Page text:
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ATGATT: All the gear, all the time — even in the dirt

ATGATT: All the gear, all the time — even in the dirt
Gear manufacturers have been quick to market with specialized "adventure" riding equipment, such as this Hornet X2 helmet from Shoei. (Shoei)

Like other specialized forms of motorcycling, adventure riding has its own particular gear. With every passing year, as the sport has grown, more companies are making clothing, boots, helmets and gloves to protect the adventurer from the fall that might be just around the corner.

Bell, Arai, Shoei and now Schuberth all offer ADV-style helmets designed specifically for mixed-use, dual-purpose riding on and off the highway.

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They're all good helmets. They offer good protection, good visibility and feature a sun visor to reduce glare.

Each has its own particular appeal. The Bell is a good basic off-road helmet, a spin-off from its MX-9 motocross lid, and it's inexpensive: as little as $200 or so.

The Arai XD-4 is well-suited to mixed street and trail riding. Comfortable and well-ventilated, it has a particularly good face shield (with a tinted lens option) that keeps out the elements, but lifts out of the way and allows for the rider to wear goggles, too. The Arai costs $500 and up.

The Shoei Hornet X2, maybe my favorite of the batch, fit my head best. (I've worn Shoei helmets since the early 1980s, so maybe I'm just used to them.) It offers interchangeable clear and tinted face shield lenses — not all helmets do — but isn't quite as well-ventilated as the Arai. This helmet costs $650 or so.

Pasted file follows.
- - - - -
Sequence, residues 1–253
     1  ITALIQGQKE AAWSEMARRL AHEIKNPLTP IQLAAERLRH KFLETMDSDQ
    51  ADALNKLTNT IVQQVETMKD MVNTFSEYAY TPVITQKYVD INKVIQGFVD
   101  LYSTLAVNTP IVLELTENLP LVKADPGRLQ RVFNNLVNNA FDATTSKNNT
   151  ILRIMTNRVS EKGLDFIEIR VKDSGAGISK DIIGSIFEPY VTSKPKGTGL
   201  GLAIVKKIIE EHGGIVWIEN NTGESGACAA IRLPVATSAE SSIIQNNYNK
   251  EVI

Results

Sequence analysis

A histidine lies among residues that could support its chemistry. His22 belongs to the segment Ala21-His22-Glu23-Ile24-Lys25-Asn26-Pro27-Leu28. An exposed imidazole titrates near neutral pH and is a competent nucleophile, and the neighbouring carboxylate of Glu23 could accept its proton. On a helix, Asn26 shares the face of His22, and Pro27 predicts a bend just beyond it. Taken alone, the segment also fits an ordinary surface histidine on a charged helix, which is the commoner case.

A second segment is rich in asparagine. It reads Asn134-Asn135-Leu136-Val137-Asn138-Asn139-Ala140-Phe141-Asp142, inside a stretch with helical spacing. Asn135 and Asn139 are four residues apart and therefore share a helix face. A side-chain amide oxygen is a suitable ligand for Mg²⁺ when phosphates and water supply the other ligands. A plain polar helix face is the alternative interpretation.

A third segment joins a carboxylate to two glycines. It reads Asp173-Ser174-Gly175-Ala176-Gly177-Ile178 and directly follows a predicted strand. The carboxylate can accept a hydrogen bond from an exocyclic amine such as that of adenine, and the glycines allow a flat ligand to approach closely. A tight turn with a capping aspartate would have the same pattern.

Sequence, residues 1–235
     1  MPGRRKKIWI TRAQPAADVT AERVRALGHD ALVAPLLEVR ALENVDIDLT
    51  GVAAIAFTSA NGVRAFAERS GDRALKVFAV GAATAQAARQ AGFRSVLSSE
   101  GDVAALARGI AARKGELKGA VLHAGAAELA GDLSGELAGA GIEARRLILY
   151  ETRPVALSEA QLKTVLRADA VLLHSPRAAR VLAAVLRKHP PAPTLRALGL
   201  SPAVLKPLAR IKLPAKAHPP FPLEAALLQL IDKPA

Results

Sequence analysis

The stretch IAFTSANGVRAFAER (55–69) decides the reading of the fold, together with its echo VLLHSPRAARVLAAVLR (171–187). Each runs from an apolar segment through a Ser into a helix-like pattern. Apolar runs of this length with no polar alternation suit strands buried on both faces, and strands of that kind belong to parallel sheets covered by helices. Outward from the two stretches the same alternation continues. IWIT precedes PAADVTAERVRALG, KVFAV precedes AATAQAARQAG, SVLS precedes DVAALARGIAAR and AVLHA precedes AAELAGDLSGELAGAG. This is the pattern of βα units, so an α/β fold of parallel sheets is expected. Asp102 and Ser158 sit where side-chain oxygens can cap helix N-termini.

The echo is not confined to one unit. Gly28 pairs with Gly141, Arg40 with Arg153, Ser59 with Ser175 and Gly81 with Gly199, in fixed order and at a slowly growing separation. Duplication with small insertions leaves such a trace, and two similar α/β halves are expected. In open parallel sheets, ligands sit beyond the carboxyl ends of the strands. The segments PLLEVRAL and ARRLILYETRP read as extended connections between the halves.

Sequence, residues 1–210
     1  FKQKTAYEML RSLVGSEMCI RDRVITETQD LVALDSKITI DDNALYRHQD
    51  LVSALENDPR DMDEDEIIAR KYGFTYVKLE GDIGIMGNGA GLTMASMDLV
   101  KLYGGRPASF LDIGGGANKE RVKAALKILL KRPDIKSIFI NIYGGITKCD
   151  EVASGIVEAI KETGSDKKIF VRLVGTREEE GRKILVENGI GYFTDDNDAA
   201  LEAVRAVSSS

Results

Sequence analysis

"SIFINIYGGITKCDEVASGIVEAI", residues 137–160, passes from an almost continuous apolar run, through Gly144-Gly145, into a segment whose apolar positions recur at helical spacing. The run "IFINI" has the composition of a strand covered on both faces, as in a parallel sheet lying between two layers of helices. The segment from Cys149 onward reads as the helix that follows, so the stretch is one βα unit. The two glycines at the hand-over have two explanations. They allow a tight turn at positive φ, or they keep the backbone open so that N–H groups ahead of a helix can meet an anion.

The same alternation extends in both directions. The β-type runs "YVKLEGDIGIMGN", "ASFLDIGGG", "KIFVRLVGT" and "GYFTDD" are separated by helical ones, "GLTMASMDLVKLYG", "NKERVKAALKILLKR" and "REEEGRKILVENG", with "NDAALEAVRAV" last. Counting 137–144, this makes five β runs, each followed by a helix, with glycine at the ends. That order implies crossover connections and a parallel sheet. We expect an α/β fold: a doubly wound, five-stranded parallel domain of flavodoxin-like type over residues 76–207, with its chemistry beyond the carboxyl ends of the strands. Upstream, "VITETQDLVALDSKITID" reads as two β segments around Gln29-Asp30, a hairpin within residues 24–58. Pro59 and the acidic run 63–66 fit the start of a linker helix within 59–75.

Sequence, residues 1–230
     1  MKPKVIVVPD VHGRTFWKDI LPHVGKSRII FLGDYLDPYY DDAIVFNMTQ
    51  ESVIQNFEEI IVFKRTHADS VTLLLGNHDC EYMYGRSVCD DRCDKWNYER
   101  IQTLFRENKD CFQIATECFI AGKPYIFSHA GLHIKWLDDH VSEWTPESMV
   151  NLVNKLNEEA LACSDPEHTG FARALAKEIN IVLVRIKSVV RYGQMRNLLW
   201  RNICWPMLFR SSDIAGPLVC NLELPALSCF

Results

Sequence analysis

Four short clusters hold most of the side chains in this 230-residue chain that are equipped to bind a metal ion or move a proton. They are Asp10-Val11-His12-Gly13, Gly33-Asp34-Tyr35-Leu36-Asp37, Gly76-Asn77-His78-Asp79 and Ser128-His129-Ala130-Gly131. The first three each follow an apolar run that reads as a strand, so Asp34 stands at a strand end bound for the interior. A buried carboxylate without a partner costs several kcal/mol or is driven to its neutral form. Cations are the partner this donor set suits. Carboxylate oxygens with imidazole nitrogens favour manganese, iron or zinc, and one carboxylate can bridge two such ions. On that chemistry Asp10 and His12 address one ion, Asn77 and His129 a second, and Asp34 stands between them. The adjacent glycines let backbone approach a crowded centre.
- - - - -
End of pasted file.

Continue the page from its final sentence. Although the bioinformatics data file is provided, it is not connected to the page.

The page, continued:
Schuberth's E1, the latest arrival, is the most technically advanced of the bunch. It's the only one that has a built-in Bluetooth antenna, and the only one that is "modular": The lower half can flip up to create an open-faced helmet, and its visor is adjustable to three positions. It's also the most expensive of the lot, at $850 or more.

A broad variety of outerwear is also on the market. I was wearing a Tourmaster Transition jacket when I fell, and I don't know of any jacket on the market that would have protected me better from a broken collarbone. I've owned and liked several Tourmaster jackets, and pants.

But very high-quality jackets (and matching pants) are made by Aerostich, Alpinestars, Klim, Dainese, Firstgear and more. Buyers can expect to pay as little as $275 and as much as $1,500 for a good one. The Darien jacket from Aerostich costs about $600, and the Roadcrafter suit costs twice that. But I know riders who bought theirs new in the 1990s and are still wearing them.

Boot companies have also begun making specialized footwear for adventure riding, boots that combine some of the protection of motocross boots with the flexibility of a hiking boot.

Some of the best are made by Alpinestars, which combine great protection and comfort. I have also admired boots from Sidi and Gaerne. A good pair will cost $250 to $400.

If you fall off the bike, it's likely that the first thing to hit the ground will be your hands. And riding in the rough also exposes these extremities to encounters with sun, bad weather, and brushes with bushes and trees.

So gloves are essential, and the best ones cost a lot. The top brands can go for $350 a pair. But it's also easy to find good ones for half that.

Twitter: @misterfleming

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